Rome wasn’t built in a day, and after nearly three months of trying to form a government the Italian capital will need to wait even longer for new leaders.
Political factions in the country, Europe’s fourth largest economy, likely face new elections after two leading parties for prime minister abandoned their proposed coalition.
The Five Star Movement, an 8-year-old party centered around the idea of populism, gained the most votes in the election in early March, and teamed with the far-right Lega, also anti-establishment, to select political novice Giuseppe Conte as a prime minister.
However, Italy’s president Sergio Mattarella refused the nomination of a finance minister known for opposition to the European Union’s euro currency, and Conte backed out over the weekend.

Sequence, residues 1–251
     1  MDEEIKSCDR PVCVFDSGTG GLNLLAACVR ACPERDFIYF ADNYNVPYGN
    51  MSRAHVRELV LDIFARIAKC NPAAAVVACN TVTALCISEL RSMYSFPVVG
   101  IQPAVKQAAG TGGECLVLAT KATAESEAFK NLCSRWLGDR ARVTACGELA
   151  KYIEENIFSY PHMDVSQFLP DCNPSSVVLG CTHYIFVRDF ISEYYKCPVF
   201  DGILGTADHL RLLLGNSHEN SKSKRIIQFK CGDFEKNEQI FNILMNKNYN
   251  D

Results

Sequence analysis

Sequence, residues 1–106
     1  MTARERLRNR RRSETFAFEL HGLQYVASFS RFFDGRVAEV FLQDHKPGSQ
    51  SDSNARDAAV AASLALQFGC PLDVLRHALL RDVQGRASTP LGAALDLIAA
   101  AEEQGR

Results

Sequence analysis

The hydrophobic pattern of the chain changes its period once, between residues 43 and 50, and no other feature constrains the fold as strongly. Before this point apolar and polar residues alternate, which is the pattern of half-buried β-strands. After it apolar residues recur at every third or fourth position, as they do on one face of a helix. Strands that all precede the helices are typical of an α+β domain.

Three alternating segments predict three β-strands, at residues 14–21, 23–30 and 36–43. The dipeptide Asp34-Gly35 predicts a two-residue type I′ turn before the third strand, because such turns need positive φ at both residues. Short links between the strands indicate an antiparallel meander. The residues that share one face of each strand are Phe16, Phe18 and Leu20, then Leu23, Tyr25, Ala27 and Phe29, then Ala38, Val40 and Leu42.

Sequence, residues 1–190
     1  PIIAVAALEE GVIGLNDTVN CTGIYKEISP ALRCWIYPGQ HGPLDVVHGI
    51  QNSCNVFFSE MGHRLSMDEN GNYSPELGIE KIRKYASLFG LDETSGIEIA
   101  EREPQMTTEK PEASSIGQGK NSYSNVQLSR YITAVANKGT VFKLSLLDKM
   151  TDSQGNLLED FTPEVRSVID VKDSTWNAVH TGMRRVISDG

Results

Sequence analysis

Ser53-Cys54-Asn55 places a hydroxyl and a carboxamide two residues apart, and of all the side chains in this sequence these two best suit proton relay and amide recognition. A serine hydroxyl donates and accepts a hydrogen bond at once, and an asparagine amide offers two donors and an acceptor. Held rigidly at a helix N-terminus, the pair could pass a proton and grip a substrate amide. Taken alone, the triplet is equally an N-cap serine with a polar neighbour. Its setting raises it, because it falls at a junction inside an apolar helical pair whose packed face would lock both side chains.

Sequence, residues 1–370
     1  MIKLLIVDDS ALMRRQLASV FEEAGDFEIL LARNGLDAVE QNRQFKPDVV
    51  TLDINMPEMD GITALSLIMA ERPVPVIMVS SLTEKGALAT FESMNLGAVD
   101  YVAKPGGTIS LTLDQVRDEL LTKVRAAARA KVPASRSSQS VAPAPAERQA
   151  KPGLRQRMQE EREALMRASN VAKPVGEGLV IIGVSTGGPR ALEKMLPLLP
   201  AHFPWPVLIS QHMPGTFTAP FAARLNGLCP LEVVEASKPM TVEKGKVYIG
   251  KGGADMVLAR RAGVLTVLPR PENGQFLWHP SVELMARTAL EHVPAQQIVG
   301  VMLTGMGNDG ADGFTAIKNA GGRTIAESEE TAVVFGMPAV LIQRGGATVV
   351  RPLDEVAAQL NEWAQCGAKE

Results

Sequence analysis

Both Five Star and Lega had railed against the EU and Brussels, though toned down their rhetoric ahead of the March election, where pro-European parties suffered.
Financial markets reacted positively to the rejection, a rare move used only three times before, though it also throws Italy’s political system into even further chaos, with Five Star leader Luigi Di Maio saying Mattarella should be impeached.
Matteo Salvini, the head of Lega who has garnered comparisons to President Trump for his hardline stances on immigration, called for new elections.
That call is also up to Mattarella, though he summoned Carlo Cottarelli, who formerly headed the International Monetary Fund and was known for imposing spending cuts on his home country, for a meeting on Monday.